Chromosome analyses of prickly pear cacti reveal southern glacial refugia

Feb 14, 2012
This is a polyploidy of species of Opuntia humifusa. Credit: Lucas C. Majure et al.

Analysis of chromosome number variation among species of a North American group of prickly pear cacti (nopales) showed that the most widespread species encountered are of hybrid origin. Those widespread species likely originated from hybridization among closely related parental species from western and southeastern North America. This study was published in the open access journal Comparative Cytogenetics.

The prickly pear cacti (of the genus Opuntia) are endemic to the Americas. The genus is well known for the taxonomic difficulties it poses, as a result of hybridization and morphological variation, as well as lack of intense study. Studies of chromosomal differences among species have been beneficial with regards to recognition and determination of hybrid origins of many taxa. Those studies of the differences in chromosome number have shown that a majority of species of the genus have undergone genome duplication (also known as polyploidy).

This is a hypothetical origin and subsequent dispersal of Opuntia polyploid species. Credit: Lucas C. Majure et al.

This study suggests that a group of well-known prickly pear species occurring primarily in the United States are mostly derived from and genome duplication, which occurred as a result of the genetic separation of closely related parent species through during different times of the . Those closely related species, which were restricted to the southern United States, after thousands of years of separation, came back in contact and formed the common hybrids in the group, which in turn became dominant and more successful in distribution over their progenitors. Their remained confined to the southern part of their distribution likely as a result of their non-adaptability to adverse environmental conditions, which hybrid taxa were more than able to cope with. This scenario results in the distribution pattern of species that we see today.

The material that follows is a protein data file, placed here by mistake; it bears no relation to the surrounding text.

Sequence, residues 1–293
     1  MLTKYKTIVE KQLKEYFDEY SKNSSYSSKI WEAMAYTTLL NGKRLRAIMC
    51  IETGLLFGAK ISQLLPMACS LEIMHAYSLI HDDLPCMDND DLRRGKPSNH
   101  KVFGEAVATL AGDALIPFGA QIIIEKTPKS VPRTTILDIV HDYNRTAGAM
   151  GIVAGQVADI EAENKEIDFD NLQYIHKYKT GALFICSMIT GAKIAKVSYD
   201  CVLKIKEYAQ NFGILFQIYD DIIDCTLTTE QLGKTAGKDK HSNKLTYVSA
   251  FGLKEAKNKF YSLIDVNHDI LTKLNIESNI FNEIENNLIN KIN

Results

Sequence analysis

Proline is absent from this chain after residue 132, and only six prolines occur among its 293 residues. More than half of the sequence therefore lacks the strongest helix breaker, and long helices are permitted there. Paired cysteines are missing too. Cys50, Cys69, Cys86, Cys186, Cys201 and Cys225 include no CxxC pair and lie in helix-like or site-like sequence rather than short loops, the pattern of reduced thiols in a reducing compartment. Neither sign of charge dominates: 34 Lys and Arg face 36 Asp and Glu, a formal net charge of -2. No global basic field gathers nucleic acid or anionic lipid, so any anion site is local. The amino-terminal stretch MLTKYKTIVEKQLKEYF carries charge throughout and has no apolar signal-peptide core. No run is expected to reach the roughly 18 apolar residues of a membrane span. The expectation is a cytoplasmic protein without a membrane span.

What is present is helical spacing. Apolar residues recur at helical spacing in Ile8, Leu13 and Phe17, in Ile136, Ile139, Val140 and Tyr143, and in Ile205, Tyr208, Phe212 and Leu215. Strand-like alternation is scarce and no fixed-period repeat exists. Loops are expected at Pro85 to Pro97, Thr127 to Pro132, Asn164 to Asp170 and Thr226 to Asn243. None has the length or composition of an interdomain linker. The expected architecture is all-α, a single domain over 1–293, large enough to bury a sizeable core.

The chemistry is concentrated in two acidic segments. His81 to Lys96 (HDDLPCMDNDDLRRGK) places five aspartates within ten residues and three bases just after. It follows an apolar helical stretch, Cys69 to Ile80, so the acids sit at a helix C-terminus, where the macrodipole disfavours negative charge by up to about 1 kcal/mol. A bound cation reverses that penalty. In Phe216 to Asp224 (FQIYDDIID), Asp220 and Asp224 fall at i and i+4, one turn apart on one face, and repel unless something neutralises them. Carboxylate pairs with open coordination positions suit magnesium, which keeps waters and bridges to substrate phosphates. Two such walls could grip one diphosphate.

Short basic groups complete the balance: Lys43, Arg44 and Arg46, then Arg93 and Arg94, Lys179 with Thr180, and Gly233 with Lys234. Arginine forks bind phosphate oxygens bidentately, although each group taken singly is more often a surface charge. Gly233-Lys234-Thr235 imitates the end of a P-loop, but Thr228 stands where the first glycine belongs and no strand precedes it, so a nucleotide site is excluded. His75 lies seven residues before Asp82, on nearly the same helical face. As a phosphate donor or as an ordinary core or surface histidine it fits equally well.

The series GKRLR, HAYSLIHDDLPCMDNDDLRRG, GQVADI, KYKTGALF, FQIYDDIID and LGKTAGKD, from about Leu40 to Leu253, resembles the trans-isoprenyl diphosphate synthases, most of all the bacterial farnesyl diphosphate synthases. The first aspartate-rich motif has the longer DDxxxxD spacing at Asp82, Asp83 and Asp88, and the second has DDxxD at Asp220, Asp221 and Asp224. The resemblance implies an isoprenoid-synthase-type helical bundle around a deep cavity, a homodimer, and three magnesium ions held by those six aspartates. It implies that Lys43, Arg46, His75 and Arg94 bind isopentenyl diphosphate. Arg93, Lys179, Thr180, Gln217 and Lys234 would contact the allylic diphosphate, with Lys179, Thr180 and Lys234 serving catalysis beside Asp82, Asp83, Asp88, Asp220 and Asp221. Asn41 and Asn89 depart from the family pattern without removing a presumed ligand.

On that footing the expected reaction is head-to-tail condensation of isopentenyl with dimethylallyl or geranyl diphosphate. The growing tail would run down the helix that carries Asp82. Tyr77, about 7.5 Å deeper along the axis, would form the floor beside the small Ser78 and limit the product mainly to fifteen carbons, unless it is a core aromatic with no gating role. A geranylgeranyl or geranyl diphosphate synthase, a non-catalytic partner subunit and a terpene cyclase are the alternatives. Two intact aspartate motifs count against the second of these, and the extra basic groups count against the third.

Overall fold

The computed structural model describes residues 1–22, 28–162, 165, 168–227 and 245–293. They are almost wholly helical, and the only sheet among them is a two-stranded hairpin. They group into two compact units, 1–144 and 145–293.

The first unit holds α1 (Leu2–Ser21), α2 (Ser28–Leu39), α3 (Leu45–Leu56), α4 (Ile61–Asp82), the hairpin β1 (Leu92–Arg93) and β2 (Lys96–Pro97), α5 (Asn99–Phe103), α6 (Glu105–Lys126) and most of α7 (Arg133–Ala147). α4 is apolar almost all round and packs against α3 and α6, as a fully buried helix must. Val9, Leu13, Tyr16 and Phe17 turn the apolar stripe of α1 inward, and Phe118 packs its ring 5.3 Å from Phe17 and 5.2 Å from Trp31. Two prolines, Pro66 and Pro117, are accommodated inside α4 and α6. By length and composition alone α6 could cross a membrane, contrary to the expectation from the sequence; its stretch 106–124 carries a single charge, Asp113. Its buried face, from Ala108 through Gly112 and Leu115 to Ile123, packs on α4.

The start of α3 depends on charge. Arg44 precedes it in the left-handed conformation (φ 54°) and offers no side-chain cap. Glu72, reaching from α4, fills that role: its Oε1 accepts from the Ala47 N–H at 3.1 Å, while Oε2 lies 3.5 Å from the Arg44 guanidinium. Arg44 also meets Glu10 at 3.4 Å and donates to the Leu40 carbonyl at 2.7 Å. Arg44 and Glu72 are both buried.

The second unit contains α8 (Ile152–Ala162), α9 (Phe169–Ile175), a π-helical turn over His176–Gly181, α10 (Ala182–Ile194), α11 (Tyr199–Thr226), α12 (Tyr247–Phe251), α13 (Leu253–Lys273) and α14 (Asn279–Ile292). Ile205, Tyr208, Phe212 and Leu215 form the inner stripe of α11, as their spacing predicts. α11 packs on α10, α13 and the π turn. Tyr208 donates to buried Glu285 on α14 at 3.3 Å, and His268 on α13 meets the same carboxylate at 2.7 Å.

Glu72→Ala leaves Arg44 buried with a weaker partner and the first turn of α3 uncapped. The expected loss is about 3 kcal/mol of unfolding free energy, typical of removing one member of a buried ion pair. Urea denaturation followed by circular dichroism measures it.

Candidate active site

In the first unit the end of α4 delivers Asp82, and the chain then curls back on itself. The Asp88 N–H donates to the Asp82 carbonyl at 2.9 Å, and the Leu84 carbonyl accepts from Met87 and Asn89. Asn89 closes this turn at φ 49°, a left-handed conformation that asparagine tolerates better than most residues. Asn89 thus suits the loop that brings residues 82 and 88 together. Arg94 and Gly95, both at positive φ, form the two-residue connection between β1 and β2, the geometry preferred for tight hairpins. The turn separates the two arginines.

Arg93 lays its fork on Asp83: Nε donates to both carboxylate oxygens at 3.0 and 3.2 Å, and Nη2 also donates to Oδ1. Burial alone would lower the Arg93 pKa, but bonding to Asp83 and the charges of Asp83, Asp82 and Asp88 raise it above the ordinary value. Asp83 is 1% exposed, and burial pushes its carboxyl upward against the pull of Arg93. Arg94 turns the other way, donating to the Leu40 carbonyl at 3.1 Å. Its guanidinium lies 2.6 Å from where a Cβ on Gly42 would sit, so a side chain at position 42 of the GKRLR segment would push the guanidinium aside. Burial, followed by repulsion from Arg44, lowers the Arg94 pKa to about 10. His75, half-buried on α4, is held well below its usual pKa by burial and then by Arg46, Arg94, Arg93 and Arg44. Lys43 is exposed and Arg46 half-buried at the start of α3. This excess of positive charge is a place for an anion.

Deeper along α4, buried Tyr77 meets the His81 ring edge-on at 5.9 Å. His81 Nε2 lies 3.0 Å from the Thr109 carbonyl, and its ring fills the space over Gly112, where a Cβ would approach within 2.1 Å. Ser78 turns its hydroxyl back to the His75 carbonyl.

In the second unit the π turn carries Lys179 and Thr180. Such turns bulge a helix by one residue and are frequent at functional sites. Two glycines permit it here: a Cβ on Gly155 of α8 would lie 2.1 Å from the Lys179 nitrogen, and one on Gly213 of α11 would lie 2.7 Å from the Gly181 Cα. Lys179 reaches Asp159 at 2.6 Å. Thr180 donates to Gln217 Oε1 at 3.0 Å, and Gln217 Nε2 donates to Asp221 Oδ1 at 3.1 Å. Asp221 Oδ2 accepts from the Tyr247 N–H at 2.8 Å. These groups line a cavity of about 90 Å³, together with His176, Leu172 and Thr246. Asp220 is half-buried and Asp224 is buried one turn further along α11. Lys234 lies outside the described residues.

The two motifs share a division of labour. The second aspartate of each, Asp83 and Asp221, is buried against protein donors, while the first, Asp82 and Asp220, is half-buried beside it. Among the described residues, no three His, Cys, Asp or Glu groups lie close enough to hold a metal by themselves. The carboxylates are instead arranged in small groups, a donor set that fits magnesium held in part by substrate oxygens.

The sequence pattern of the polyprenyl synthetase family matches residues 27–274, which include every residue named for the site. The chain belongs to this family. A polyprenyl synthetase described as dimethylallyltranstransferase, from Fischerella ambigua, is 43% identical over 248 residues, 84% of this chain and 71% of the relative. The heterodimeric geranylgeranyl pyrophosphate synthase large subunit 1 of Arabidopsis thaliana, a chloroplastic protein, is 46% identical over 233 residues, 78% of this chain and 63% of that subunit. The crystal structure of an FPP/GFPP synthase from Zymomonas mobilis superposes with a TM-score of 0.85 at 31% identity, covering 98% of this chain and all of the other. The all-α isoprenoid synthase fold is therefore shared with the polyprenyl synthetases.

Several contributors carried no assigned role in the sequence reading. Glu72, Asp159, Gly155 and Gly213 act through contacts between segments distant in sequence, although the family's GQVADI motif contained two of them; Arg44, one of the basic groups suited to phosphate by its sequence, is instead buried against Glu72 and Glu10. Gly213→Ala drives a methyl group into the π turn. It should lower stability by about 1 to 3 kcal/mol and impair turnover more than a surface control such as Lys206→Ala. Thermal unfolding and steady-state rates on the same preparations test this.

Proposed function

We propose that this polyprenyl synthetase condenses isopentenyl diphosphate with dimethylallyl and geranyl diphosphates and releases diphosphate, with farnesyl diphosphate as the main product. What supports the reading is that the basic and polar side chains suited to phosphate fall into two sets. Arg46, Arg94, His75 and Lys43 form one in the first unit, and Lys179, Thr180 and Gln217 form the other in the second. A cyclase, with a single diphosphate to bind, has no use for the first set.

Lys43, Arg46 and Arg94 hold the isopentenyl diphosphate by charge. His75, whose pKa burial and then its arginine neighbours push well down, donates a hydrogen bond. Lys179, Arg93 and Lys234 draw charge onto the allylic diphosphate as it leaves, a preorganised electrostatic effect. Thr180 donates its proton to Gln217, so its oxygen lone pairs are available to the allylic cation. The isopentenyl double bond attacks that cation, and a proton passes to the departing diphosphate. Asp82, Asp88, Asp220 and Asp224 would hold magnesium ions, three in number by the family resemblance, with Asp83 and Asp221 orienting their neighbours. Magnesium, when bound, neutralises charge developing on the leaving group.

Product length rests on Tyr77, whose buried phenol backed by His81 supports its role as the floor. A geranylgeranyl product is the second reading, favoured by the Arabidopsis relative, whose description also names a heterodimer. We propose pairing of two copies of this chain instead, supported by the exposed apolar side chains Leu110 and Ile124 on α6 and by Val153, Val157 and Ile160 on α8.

This study underscores that genome duplication has had an important effect on the evolution of prickly pear cacti and that understanding patterns in chromosome numbers can be used, in part, to infer the historical biogeography of certain plant groups.

Explore further: Chimpanzees prefer firm, stable beds

More information: Majure LC, Judd WS, Soltis PS, Soltis DE (2012) Cytogeography of the Humifusa clade of Opuntia s.s. Mill. 1754 (Cactaceae, Opuntioideae, Opuntieae): correlations with pleistocene refugia and morphological traits in a polyploid complex. Comparative Cytogenetics 6(1): 53-77. doi: 10.3897/CompCytogen.v6i1.2523

add to favorites email to friend print save as pdf

Related Stories

New plant species gives insights into evolution

Mar 17, 2011

A new University of Florida study shows when two flowering plants are crossed to produce a new hybrid, the new species' genes are reset, allowing for greater genetic variation.

Species reemergence after collapse: Possible but different

May 20, 2011

Species pairs that disappear through hybridization after human-induced changes to the environment can reemerge if the disturbance is removed, according to a new mathematical model that shows the conditions under which reemergence ...

A mammoth task -- sorting out mammoth evolution

May 30, 2011

Mammoths were a diverse genus that roamed across Eurasia and North America during the Pleistocene era. In continental North America, at least two highly divergent species have long been recognized – woolly ...

Recommended for you

Chimpanzees prefer firm, stable beds

7 hours ago

Chimpanzees may select a certain type of wood, Ugandan Ironwood, over other options for its firm, stable, and resilient properties to make their bed, according to a study published April 16, 2014 in the open-access ...

Offspring benefit from mum sending the right message

15 hours ago

(Phys.org) —Researchers have uncovered a previously unforeseen interaction between the sexes which reveals that offspring survival is affected by chemical signals emitted from the females' eggs.

Lemurs match scent of a friend to sound of her voice

Apr 15, 2014

Humans aren't alone in their ability to match a voice to a face—animals such as dogs, horses, crows and monkeys are able to recognize familiar individuals this way too, a growing body of research shows.

User comments : 0

More news stories

Revealing camouflaged bacteria

A research team at the Biozentrum of the University of Basel has discovered an protein family that plays a central role in the fight against the bacterial pathogen Salmonella within the cells. The so cal ...

Chimpanzees prefer firm, stable beds

Chimpanzees may select a certain type of wood, Ugandan Ironwood, over other options for its firm, stable, and resilient properties to make their bed, according to a study published April 16, 2014 in the open-access ...